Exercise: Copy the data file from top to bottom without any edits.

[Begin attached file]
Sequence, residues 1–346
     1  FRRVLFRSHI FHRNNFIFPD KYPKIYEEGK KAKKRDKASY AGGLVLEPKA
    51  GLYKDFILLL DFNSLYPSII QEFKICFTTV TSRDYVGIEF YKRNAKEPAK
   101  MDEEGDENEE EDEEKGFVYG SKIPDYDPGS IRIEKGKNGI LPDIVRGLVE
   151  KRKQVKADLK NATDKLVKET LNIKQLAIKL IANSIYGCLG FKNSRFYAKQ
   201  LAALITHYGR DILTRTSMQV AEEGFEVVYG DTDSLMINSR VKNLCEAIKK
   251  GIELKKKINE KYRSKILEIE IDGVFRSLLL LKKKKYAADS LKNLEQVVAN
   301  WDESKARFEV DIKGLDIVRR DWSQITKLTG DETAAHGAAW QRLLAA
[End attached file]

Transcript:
Sequence, residues 1–346
     1  FRRVLFRSHI FHRNNFIFPD KYPKIYEEGK KAKKRDKASY AGGLVLEPKA
    51  GLYKDFILLL DFNSLYPSII QEFKICFTTV TSRDYVGIEF YKRNAKEPAK
   101  MDEEGDENEE EDEEKGFVYG SKIPDYDPGS IRIEKGKNGI LPDIVRGLVE
   151  KRKQVKADLK NATDKLVKET LNIKQLAIKL IANSIYGCLG FKNSRFYAKQ
   201  LAALITHYGR DILTRTSMQV AEEGFEVVYG DTDSLMINSR VKNLCEAIKK
   251  GIELKKKINE KYRSKILEIE IDGVFRSLLL LKKKKYAADS LKNLEQVVAN
   301  WDESKARFEV DIKGLDIVRR DWSQITKLTG DETAAHGAAW QRLLAA